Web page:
But we discovered a piece from the upper right arm down to the elbow. But the head is broken because of water damage beneath the ground.
Still, the pillow he is sleeping on is in perfect condition," Tarzi says."If I had permission and if I would live long enough, I would definitely restore it for Afghanistan.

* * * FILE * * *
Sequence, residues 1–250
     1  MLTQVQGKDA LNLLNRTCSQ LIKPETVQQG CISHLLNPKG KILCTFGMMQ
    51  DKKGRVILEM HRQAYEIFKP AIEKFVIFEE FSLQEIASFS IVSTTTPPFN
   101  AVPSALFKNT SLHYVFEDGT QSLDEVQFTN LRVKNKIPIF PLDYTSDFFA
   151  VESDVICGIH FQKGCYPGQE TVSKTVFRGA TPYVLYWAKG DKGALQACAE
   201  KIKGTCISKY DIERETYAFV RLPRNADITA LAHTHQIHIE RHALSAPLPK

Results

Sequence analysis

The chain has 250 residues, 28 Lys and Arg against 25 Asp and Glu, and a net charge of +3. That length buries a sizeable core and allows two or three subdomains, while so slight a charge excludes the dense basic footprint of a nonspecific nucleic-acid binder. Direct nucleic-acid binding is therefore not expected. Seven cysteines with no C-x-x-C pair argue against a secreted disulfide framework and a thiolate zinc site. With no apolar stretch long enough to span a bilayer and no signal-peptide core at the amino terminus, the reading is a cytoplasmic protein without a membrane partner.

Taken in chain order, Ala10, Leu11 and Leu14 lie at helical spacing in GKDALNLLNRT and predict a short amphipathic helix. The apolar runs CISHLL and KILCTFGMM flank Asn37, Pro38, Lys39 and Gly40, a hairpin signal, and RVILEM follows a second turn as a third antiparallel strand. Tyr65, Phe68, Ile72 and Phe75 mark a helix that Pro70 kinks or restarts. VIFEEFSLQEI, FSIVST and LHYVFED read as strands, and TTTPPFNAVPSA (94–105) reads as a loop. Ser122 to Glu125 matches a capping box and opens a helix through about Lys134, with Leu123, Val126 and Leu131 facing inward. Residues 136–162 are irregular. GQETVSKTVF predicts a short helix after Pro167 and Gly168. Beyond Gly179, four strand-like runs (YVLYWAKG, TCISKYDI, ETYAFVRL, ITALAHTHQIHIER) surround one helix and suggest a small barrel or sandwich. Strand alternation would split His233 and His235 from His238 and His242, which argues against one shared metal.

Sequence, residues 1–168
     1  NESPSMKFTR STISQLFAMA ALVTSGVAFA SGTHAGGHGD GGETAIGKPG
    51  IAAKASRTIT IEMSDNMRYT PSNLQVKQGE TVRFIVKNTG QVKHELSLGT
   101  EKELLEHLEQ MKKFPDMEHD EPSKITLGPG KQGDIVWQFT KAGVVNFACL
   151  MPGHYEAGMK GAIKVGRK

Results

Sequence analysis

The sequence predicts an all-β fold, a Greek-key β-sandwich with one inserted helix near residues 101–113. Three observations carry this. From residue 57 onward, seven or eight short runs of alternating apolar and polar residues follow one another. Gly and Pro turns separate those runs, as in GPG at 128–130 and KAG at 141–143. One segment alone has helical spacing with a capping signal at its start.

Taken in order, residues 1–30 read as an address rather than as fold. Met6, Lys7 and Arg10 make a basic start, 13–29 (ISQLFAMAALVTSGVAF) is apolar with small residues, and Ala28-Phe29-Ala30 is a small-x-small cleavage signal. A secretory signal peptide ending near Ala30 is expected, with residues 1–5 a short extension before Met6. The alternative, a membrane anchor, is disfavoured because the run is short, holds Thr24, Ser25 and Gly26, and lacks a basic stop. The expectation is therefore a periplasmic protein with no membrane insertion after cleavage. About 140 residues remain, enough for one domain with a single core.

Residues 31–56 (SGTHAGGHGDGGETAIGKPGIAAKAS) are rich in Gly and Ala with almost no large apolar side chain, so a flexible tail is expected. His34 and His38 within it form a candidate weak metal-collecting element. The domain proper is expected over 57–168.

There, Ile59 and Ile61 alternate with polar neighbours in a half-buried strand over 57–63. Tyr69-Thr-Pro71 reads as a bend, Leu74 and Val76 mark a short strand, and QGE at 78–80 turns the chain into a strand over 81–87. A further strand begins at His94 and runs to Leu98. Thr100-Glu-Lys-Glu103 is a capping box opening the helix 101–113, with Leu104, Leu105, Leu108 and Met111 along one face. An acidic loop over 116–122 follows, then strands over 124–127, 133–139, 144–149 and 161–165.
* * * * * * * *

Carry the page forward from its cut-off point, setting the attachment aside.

But I left the country before I could finish that work, and I didn't expect to ever return to Afghanistan."Ancient Traveler's Accounts Tarzi says he learned from his restoration work in the 1970s that the descriptions of the two standing Buddhas provided by Xuanzang's 1,400-year-old journal were extremely accurate.In the ancient Mediterranean world, drying oils were used in medicines, cosmetics, and perfumes.Scholars long believed they were first added to paints much later in medieval Europe."I think there could be similar [reclining] Buddhas, but I'm still searching for the 300-meter sleeping Buddha."Tarzi is one of the world's most knowledgeable experts on the giant Buddhas that were destroyed in March 2001 by the Taliban regime.By 1979, when Soviet forces invaded Afghanistan and Tarzi fled the country, he had already spent three decades studying the area and repairing the 55-meter and 38-meter standing Buddhas.